Possible degradation in the effectiveness of antibiotics in the treatment of human diseases

Anne Thomas anne.t at net.ntl.com
Sat Jul 10 12:51:08 EST 1999

There are a few infections that can be passed on from cats + dog to
people. Dog + cat bites are notorious for producing wounds with
Pasteurella sp. Its something like 50% of wounds from a dog bite + 75%
of wounds from a cat bite will be infected with Pasteurella sp. There
was an article in a fairly recent copy of the New England Journal of
Medicine that did a survey on animal bites. (They discounted a tiger
bite for some reason!!)

As for Toxoplasma .. a large percentage of cat owners will have
antibodies to Toxoplasma. They will have become infected at some stage -
usually related to litter trays - and will only feel as if they have a
slight cold. They wont realise that they have been infected. (I have 2
cats + have antibodies to it! lol) One of the main problems with
Toxoplasma... as well as a danger to the foetus in pregnant women... is
the risk to AIDS patients.

If the +ve serology is found early enough in HIV patients - they can be
treated with Septrin. Toxoplasma can cause brain abscesses and 20% of
Toxoplasma brain abscesses have negative serology. 

So.... guess who's just been on a course!!!!

Anne :o)

Ok - I'm going to try + send this posting just once!!! Wish me luck!
Graham Shepherd wrote:
> Bill Angel wrote in message ...
> >In article <7m5g84$l82$1 at gxsn.com>,
> >Graham Shepherd <muhero at globalnet.co.uk> wrote:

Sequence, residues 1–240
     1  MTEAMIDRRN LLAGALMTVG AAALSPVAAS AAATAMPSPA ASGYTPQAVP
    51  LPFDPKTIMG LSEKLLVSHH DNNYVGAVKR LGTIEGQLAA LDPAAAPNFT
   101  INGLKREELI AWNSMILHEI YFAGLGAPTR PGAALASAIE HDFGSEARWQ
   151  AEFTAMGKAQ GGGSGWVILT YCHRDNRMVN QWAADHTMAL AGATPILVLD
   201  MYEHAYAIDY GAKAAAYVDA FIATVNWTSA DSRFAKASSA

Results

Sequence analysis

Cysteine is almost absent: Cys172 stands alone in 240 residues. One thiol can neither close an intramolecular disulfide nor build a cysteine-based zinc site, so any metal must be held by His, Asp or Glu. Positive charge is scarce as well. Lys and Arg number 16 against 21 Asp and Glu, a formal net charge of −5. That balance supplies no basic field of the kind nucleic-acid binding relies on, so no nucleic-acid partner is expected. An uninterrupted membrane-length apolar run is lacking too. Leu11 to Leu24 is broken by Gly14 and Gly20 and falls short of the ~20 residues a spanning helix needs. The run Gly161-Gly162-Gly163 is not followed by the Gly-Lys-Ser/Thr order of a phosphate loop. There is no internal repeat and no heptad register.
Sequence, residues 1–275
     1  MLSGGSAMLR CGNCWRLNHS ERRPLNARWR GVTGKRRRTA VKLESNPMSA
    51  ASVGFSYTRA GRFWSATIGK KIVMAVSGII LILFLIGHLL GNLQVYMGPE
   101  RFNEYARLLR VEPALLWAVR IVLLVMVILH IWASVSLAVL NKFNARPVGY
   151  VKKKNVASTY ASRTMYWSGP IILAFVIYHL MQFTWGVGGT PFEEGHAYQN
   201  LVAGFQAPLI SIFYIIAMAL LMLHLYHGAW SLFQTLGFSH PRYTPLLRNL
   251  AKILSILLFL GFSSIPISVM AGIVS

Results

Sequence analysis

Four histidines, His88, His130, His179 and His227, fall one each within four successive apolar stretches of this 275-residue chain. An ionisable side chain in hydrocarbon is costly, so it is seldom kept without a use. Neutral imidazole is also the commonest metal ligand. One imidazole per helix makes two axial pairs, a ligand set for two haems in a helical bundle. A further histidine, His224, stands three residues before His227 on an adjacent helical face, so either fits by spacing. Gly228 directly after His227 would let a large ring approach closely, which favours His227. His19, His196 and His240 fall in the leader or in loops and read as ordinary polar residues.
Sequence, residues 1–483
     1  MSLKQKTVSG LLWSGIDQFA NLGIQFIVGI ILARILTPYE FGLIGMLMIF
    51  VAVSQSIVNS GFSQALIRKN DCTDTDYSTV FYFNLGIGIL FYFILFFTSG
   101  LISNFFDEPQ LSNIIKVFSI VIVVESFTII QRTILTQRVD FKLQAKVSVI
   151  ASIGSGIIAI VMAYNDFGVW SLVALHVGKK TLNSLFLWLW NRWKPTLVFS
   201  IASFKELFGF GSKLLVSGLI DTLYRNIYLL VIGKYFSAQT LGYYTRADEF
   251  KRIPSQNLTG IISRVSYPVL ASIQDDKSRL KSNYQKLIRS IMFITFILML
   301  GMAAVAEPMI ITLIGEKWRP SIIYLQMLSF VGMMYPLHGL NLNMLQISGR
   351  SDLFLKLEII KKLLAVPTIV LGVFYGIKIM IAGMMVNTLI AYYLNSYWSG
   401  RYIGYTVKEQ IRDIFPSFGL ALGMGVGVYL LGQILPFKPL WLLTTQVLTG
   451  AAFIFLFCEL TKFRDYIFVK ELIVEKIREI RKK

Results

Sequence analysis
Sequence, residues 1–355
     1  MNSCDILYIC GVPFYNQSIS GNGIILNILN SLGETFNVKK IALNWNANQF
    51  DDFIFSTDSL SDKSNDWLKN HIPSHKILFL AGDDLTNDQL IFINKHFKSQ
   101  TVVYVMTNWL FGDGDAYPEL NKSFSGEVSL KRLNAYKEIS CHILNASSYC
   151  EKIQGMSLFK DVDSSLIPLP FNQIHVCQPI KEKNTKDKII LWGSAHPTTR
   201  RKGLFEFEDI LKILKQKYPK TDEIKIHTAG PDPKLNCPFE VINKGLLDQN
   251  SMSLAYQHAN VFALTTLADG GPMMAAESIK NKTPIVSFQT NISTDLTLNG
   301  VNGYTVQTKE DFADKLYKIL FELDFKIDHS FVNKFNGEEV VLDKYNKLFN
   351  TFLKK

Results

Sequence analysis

> >>...
> >>There probably aren't too many bacterial infections that commonly affect
> >>cats and dogs and people.
> >
> > I did a little research on the Web, and located one disease that
> >humans can contract from cats, and that is usually treated (in humans) by
> >taking antibiotics: Toxoplasmosis.
> >
> > According to what I read "Toxoplasma can grow and complete its
> >life cycle only in cats and other felines". Apparently, the current form
> >of the disease poses a significant health risk only to pregnant women (as
> >the disease can be passed on to the fetus) and to persons with "weakened
> >immune systems".
> >
> > --- Bill
> >
> >
> Toxoplasma isn't a bacterium and can't be treated with antibiotics. It's a
> protozoan.  It's difficult to diagnose clinically because the symptoms are
> mild (and it may be subclinical) and the differential diagnosis may include
> bacterial infections. Doctors overuse antibiotics anyway. Antenatal blood
> screening may include checking for antibody to toxoplasma. Unless something
> has appeared recently, there's no specific treatment for toxoplasma - for
> people or animals.
> GS

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